By Peter Mutua
“Ivũ ĩthei ĩiĩ ndũũ.” (An empty stomach accommodates no friendship) - Kamba Proverb
I took a tour of the Land Rover Kenya showroom recently. It was a fantastic experience, an opportunity to see for myself what the world of luxury cars has to offer. The Range Rover Vogue, Sport and the newly introduced Land Rover Evoque – whose target clientele is the rich, upwardly mobile, modern women. Just so that you know, the Evoque has a feature that allows the car to parallel park itself.
We live in a fast paced world in which a great number of us, particularly those in family businesses, are caught up in a frenzied quest to acquire more and more property at any cost. And for good reason. Opportunities to make money abound, especially for those with an inclination towards business. Consumer goods such as the different brands of Range Rover are on offer as rewards to those who excel in gaining riches.
However, as we go about the business of getting rich faster, family businesses need to remember that there are those who will not or cannot make great amounts of money. An average of 46.6 per cent of all Kenyans, (18.64 million people) live in poverty (defined as living on an income of less than $1 per day). Turkana County (they of the recent oil strike) has a poverty rate of 92.9 per cent.
When one takes into account these statistics it is clear that many people in Kenya are teetering on a nutritional knife-edge on which the battle for survival is fought daily, with dire consequences for those who lose a fight.
This disparity, between the rich and poor, is not unique to Kenya. In August 2011, gangs of youths in the United Kingdom engaged in a spree of violence, arson and looting. This situation of an uprising in a developed country that shocked the world given that the only parallels we could draw were with the rebellions of the disposed in Tunisia, Egypt and Algeria.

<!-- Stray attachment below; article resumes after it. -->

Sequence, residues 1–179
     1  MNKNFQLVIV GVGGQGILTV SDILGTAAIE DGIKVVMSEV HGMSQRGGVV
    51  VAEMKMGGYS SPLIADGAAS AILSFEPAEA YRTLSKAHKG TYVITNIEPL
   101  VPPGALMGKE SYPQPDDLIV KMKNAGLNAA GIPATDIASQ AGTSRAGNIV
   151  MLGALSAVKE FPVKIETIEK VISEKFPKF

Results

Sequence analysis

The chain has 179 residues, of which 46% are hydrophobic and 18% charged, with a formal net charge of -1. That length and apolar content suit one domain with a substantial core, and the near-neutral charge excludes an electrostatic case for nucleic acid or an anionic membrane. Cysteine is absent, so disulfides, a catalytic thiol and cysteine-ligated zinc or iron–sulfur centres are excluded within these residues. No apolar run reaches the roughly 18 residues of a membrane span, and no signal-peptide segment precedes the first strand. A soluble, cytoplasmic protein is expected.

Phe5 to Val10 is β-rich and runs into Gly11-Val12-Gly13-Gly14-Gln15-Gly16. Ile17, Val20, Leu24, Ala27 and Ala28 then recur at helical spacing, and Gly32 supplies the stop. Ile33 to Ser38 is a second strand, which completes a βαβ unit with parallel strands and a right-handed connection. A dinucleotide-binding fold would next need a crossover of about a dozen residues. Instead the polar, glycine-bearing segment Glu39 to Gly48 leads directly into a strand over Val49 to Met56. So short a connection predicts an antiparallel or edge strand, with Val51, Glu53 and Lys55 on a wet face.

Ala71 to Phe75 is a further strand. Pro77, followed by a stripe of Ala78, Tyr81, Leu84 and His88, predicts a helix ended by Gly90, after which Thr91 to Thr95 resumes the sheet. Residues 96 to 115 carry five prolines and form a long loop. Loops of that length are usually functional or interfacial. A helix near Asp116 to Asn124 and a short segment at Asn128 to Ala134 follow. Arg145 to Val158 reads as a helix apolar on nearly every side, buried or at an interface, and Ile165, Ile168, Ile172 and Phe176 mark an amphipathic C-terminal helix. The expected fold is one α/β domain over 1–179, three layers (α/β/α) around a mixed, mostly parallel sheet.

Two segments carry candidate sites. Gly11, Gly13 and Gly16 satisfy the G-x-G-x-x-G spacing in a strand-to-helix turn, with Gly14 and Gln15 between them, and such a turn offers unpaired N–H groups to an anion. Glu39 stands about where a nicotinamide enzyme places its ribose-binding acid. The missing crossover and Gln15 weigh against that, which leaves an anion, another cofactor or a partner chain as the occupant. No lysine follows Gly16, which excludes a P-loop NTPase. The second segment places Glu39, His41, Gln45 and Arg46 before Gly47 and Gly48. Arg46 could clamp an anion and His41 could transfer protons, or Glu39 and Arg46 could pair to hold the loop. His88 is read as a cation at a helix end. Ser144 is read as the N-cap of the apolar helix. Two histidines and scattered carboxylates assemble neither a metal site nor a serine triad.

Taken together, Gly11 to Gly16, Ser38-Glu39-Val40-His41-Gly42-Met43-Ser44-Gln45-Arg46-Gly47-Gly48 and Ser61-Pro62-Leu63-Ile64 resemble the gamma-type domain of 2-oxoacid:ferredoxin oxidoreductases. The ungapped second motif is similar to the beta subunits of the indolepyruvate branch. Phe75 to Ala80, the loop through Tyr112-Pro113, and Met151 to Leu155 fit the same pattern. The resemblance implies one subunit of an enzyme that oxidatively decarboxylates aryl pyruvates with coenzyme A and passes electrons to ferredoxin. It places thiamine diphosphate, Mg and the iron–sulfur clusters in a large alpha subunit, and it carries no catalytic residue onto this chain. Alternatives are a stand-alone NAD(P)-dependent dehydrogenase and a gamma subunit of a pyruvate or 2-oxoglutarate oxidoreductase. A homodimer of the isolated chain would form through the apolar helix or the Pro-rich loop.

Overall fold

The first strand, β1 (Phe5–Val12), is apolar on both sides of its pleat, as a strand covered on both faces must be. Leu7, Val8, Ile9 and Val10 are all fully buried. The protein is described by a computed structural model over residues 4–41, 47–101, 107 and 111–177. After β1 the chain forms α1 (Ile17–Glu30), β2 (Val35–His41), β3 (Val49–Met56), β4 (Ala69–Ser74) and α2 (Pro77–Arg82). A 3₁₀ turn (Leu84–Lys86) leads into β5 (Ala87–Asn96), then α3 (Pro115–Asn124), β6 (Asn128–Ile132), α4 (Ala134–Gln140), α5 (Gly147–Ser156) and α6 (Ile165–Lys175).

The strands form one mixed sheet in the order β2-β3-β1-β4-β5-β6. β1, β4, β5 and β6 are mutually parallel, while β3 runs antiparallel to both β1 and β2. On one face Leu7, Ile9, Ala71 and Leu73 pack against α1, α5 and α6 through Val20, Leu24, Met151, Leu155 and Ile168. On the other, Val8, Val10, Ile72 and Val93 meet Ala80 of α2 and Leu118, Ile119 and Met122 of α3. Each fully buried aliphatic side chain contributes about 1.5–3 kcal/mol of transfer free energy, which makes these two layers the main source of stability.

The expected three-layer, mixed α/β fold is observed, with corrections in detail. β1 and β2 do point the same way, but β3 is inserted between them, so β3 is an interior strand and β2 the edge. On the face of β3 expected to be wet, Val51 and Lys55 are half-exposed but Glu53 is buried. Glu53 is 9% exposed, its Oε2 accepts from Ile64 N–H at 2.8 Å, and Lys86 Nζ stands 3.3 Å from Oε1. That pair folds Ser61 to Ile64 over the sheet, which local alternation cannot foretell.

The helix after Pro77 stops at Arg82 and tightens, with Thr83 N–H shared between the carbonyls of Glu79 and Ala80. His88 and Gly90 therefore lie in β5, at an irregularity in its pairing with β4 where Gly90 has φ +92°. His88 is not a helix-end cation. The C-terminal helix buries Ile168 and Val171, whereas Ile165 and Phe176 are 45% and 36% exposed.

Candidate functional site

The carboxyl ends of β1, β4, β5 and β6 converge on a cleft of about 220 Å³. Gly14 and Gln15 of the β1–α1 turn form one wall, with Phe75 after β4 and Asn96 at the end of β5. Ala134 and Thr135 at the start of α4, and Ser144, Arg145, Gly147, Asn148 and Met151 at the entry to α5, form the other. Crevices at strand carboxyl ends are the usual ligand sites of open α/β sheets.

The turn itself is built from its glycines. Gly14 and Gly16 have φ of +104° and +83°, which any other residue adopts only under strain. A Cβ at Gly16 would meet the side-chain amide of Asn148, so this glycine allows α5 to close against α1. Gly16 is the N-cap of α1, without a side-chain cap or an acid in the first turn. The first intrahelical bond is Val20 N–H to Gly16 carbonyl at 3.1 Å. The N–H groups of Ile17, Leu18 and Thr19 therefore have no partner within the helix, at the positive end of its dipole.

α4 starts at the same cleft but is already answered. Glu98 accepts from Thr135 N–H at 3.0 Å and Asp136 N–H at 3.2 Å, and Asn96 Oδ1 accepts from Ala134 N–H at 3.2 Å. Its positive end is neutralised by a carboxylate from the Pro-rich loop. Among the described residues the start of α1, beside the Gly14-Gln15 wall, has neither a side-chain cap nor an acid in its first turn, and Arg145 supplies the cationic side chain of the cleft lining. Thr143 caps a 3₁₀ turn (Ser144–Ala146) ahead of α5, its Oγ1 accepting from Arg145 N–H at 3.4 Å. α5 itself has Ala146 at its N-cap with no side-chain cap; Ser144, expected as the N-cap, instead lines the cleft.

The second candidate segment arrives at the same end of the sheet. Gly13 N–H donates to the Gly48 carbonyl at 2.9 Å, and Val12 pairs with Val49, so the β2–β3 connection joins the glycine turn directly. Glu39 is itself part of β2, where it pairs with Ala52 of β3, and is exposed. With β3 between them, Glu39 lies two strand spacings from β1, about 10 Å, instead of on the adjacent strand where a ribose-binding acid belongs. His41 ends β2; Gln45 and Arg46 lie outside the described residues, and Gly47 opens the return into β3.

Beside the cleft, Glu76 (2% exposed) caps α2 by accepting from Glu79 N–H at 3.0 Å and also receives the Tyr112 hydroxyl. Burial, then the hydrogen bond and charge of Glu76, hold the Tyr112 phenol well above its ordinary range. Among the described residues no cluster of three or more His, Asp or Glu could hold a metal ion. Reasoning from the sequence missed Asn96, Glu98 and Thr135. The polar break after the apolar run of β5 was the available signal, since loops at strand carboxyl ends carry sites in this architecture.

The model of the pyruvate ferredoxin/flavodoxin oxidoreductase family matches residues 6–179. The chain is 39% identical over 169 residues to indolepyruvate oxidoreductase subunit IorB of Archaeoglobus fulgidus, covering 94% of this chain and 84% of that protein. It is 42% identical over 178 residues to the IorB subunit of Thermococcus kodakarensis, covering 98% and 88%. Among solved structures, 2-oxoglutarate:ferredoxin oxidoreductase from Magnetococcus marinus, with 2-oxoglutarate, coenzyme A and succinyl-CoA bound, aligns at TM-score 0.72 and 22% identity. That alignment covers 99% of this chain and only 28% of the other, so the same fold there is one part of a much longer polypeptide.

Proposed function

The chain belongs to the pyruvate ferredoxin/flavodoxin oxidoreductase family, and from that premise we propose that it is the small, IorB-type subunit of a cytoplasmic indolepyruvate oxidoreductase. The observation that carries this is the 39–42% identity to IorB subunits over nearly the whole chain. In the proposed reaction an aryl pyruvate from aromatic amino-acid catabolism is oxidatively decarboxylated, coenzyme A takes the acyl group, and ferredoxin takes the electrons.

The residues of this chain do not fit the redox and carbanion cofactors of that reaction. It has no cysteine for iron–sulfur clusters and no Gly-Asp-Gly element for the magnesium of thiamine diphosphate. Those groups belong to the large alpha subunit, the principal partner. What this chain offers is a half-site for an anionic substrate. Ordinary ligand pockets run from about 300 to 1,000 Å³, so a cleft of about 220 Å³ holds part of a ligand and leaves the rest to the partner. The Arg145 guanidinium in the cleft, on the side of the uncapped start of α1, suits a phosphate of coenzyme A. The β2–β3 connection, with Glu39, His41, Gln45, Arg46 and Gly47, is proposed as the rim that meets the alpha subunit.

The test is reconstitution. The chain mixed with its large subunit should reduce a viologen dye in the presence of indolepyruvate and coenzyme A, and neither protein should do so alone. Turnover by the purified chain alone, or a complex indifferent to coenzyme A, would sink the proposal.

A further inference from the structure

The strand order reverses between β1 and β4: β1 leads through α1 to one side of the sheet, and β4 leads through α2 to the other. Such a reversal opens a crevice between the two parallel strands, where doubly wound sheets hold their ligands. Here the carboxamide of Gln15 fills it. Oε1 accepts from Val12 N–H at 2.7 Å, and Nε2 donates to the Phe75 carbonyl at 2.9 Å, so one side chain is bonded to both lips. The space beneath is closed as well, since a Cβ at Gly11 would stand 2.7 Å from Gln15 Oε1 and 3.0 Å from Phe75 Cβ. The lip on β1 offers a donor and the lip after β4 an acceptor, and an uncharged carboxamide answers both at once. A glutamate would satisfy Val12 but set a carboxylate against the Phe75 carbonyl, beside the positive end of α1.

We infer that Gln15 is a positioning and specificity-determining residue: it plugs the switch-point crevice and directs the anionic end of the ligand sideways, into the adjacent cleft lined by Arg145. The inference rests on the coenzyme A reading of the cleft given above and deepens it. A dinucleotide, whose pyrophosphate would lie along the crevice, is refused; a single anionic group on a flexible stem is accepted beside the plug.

So what happened in England? Why did the youths react so viciously with the authorities? Why did they destroy what was, in essence their own property? How come this situation caught the government and the rest of society completely unawares?
The Kamba’s of old have an answer based on their observations over eons. “Ivu ithei ĩĩĩ ndũũ” – an empty stomach has no friends. That if any person is left with nothing to lose, there can be no expectation from society that this individual will react positively to any overtures that do not address their present, pressing needs.
While the British youths did not literally have empty stomachs they were, relative to other members of the society, extremely poor and deprived. What erupted in that country was an outburst of hopelessness and despair by a segment of the population that felt that their future was bleak, their lives meaningless.
The truth, according to those who live in these communities and work with the youth, is that these sentiments had been brewing for a long time. However, they were largely ignored by the politicians who imagined that the government had done all it could for those who were determined to change their own lives and that anyone still in poverty had themselves to blame for their condition. The folly of this train of thought was brought home to them in 2011.
The leaders of family businesses need to recognise that of all the business segments and categories, they have the most to lose in the event of a societal uprising. The leader should keep a finger on the pulse of the surrounding community (starting with family members and moving outwards).
He/she should be keen to observe for signs of desperation and hopelessness and to deal with them at the earliest possible stage, if with nothing else, by speaking words of hope to the affected individuals.
While the leader cannot solve every societal problem, he/she can make visible efforts to address them either singly or by engaging other likeminded individuals. Community members will resonate with any attempts made to address adversities that face them.
The pursuit of wealth should not blind the leader of family business from the community’s needs.
The leader of family business must always have a finger on the pulse of the businesses surrounding the community.
The leader of family business must speak hope to people in desperation.